When to use ++x and x++?

I'm not really sure what's happening here and when 1 is being added to each variable. I was wrote this to try to understand it but i'm still confused. Can someone please explain whats happening.

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#include <iostream>
using namespace std;

int main()
{
    int y = 2;
    int x = y++;
    cout << x << endl;  //prints 2
    ++x;
    cout << x << endl;   //prints 3
    return 0;
}



Thank you :)
The post increment shown on line 7 basically resolves to:

This is post increment:
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    int tmp = y;
    y++;
    int x = tmp;


pre increment doesn't need the temporary variable: it increments and returns the incremented value.

I suggest to use the increment operator on it's own
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#include <iostream>
using namespace std;

int main()
{
    int x = 2;
    int y = x++; // Takes the Cuurent value of x assignes it to y and then increments x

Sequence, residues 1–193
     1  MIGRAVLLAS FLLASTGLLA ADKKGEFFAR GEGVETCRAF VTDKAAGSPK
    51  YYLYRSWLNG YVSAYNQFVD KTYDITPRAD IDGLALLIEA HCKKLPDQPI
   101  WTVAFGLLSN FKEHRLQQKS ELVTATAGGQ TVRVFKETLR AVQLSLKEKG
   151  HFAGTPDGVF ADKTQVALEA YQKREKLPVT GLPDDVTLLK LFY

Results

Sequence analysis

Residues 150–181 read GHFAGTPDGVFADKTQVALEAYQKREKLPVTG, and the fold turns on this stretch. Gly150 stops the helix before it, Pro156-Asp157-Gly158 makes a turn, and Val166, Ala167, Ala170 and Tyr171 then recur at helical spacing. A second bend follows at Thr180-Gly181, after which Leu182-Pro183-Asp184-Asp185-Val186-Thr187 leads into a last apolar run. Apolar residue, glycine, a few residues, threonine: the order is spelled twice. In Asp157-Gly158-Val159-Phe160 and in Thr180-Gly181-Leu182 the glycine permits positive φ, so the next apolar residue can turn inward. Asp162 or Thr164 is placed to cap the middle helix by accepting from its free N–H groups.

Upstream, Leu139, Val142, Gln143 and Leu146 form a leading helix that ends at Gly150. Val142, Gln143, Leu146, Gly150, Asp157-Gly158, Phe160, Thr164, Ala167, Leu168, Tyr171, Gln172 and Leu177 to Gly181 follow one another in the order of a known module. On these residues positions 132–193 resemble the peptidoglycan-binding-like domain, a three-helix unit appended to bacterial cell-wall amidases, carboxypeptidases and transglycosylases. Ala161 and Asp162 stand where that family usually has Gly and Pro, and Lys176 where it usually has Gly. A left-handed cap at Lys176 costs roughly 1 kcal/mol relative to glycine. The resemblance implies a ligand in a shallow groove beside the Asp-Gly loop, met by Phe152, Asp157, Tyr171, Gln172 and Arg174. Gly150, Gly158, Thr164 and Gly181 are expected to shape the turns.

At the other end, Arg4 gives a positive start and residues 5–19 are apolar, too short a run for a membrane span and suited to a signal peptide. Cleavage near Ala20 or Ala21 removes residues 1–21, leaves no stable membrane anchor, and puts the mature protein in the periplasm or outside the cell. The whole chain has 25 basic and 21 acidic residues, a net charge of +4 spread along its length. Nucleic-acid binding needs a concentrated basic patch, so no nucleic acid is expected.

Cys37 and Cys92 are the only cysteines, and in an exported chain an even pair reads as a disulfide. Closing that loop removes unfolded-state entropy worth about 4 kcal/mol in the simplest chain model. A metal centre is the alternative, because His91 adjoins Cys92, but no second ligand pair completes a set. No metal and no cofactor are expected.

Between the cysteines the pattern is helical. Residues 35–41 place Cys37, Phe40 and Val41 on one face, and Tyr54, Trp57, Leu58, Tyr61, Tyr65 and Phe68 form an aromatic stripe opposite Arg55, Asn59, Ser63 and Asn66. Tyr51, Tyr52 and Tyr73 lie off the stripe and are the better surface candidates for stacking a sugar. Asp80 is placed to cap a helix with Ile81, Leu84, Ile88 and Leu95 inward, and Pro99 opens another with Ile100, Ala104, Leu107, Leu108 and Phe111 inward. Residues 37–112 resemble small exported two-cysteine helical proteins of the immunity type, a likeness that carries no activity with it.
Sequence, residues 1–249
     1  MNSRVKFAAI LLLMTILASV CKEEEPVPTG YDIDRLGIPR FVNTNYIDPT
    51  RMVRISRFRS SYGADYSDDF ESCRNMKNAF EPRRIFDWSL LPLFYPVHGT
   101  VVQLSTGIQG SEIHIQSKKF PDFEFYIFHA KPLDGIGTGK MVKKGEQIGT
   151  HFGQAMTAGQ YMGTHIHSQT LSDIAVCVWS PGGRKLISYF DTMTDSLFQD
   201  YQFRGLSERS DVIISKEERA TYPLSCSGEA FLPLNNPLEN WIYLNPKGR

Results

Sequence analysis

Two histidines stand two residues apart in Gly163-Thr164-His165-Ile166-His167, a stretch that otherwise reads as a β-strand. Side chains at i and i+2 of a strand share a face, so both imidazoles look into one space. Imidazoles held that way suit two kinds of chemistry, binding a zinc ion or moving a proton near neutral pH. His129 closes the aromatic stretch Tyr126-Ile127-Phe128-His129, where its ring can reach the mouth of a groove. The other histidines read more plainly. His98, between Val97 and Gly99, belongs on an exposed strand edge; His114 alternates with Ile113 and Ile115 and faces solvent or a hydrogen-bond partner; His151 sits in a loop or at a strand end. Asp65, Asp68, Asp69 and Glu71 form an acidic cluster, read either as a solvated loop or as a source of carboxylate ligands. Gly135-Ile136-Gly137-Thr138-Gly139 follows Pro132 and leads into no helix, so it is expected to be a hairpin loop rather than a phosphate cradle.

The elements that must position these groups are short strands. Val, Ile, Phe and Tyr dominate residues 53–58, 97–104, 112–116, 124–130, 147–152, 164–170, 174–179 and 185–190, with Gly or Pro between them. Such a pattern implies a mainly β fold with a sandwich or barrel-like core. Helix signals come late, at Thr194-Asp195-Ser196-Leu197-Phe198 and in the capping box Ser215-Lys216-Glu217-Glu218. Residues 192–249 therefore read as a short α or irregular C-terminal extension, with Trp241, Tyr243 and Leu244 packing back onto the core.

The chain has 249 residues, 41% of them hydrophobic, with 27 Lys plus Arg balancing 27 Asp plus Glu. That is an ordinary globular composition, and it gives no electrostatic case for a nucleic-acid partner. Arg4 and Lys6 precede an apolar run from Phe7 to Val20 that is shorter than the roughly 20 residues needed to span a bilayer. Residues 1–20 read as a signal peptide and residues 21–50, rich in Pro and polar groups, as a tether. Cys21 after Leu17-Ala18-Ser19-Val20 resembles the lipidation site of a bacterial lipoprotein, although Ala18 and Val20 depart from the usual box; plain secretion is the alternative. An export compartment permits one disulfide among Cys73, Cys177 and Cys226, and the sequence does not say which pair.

int z = ++x; // Increments x and then assignes the new value to z

    cout << "x = " << x << endl
         << "y = " << y << endl
         << "z = " << z << endl;  

    return 0;
}
And by the way...
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for (int i=0; i < n; i++)
    doSomething();

// is the same as

int i=0;

while (i < n)
{
    doSomething();
    i++;
}

// which is the same as

int i=0;

while (i < n)
{
    doSomething();
    ++i;
}

// which is the same as

for (int i=0; i < n; ++i)
    doSomething();


Conclusion: use ++counter instead of counter++ in for() loops.
http://stackoverflow.com/questions/4706199/post-increment-and-pre-increment-in-for-loop
ok thanks heaps :)
Conclusion: use ++counter instead of counter++ in for() loops.
How is this the conclusion for the premise that they're equivalent?
Generally speaking, if only used in a single term expression, the prefix increment operator is preferred because it has less overhead to its use. That being said, the increased efficiency of ++i over i++ is quite small. In the examples of the for loops increment expression, both perform exactly the same logically speaking. The real concerns are when they are used in multi-term expressions and statements as shown above.
Last edited on
How is this the conclusion for the premise that they're equivalent?

Heh. I totally forgot to point out that prefix is sometimes faster.
http://www.parashift.com/c++-faq/increment-pre-post-speed.html
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